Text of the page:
People often say that motivation doesn’t last. Well, neither does bathing – that’s why we recommend it daily. ~ Z. Zigler

Merriam-Webster dictionary defines motivation as, “the act or process of motivating.” They define motive as, “something (such as a need or desire) that causes a person to act.” I don’t know about you, but sometimes my motivation goes into hiding. It’s not entirely clear where it hides out or how far down it has dug itself, but it is sure a bit tricky to uncover in those times. Has that ever happened to you? In an effort to figure out this whole motivation thing and perhaps even find where it hides when its not with me I decide to do some digging into the subject.

Turns out that motivation stems off of feelings. And from that I learned that feelings and thoughts  are closely intertwined. We know that feelings are pretty universal to the human condition. And while I will disagree slightly with the likes of many, feelings aren’t facts. They may appear that way to us and indeed we frequently need to treat them as personal facts but they aren’t hard core facts.

Thoughts are those passing “talking in my head” things we experience most of the time. We also believe these thoughts to be truthful and accurate, which oftentimes they are not. But here’s the interesting part: when we have competing feelings and thoughts it’s almost always that the feelings rule the day. Translation? Without a great deal of practice and experience it is really hard to over-ride our natural desire to give all the creditability to our feelings. When we’re talking about finding motivation, holding onto it, we need to know this bit of science; our brains naturally believe feelings are telling us more of the truth than thoughts.

So, how do we use this information to help us find and hold onto motivation? We start by beginning to think about what feelings we’d like to have more of. If we want to feel more financially stable, feel more comfortable when we look at our bank statements, then we start with that feeling. I would call that ease or pride or safe or perhaps for you it is freedom. Whatever the feelings are start there, identify that first.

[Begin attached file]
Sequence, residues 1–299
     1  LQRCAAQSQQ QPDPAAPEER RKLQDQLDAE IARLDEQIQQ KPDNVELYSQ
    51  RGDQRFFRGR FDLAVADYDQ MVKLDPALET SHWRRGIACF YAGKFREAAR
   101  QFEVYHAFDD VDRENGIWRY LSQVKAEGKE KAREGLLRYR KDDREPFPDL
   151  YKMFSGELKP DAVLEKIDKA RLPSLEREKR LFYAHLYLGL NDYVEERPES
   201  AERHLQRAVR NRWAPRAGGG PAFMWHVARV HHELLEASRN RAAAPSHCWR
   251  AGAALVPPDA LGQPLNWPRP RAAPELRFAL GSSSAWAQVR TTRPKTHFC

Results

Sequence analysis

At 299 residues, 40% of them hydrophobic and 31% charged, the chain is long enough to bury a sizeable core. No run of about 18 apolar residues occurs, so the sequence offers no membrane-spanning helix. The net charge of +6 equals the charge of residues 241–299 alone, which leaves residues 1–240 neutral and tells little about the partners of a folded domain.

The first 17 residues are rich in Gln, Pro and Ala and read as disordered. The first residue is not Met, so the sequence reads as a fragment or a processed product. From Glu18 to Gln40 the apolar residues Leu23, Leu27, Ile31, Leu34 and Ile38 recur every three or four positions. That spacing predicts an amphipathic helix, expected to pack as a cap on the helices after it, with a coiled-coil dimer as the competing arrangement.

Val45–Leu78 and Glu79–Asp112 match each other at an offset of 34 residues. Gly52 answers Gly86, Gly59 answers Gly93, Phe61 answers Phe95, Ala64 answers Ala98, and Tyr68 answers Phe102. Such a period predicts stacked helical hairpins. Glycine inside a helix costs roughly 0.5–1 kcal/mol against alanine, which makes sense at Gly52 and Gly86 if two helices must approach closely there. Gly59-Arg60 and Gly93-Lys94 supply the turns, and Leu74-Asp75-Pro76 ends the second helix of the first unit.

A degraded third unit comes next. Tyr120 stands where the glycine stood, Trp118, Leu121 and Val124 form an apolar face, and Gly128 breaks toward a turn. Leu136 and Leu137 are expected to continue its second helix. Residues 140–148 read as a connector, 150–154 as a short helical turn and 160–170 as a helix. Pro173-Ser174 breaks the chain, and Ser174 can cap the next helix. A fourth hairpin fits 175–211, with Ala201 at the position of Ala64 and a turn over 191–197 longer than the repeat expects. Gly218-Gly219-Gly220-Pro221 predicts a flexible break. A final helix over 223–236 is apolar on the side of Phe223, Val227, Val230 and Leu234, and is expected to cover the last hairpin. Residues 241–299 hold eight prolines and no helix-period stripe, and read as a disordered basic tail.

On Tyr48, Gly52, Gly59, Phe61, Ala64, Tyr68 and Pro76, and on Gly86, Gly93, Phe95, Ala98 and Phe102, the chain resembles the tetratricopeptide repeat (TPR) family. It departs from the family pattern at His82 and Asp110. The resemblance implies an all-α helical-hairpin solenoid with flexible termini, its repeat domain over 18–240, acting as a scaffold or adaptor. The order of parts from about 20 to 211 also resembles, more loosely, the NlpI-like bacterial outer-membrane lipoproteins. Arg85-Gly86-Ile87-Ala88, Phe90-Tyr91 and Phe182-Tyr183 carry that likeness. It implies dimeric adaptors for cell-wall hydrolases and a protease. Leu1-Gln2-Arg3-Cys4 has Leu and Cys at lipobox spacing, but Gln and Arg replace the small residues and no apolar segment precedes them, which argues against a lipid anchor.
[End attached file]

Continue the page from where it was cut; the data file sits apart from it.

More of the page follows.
Next, find the positive and stay there. Positive feelings attract more positive feelings. The better we feel the easier it is to stick to our plans. This may require you to actually work at it, this might be a bit of stretch for you but I know you can do it. I have a good friend who is, hands down, one of the most optimistic people I know. She can find the positive in nearly anything. While it used to drive me crazy how she did it, I now find myself wondering how she’d spin something if I get a bit lost in the negative. Try it, it works!

This next step is a fun one: reward yourself. Treat yourself. We’re not all that different then Pavlov’s dogs. If you’ve met a small goal treat yourself or put a star toward a larger reward but do something to acknowledge your win. Harvard’s Teresa Amabile has done research on the subject and has found acknowledging progress toward a larger goal is critical in getting to the bigger goal.

Last step! Get some outside accountability. Tell people what you’re striving to do. Tell them how you plan to do it so they can help you stay on course. Join a Facebook group that will help you, mark your wall calendar, shout it out in an Instagram message. Do whatever you need to do to make sure you get what you need to keep going.

Motivation will hide but I also know with these steps you’ll find yourself uncovering its hiding spot more quickly! Want some extra help in this area? Give me shout out on FB and I’ll be sure to check in with you to see how you’re doing with your goal! Yep, just a nice coach-like thing I’d be happy to do with you!

Best for your day!

~ Lisa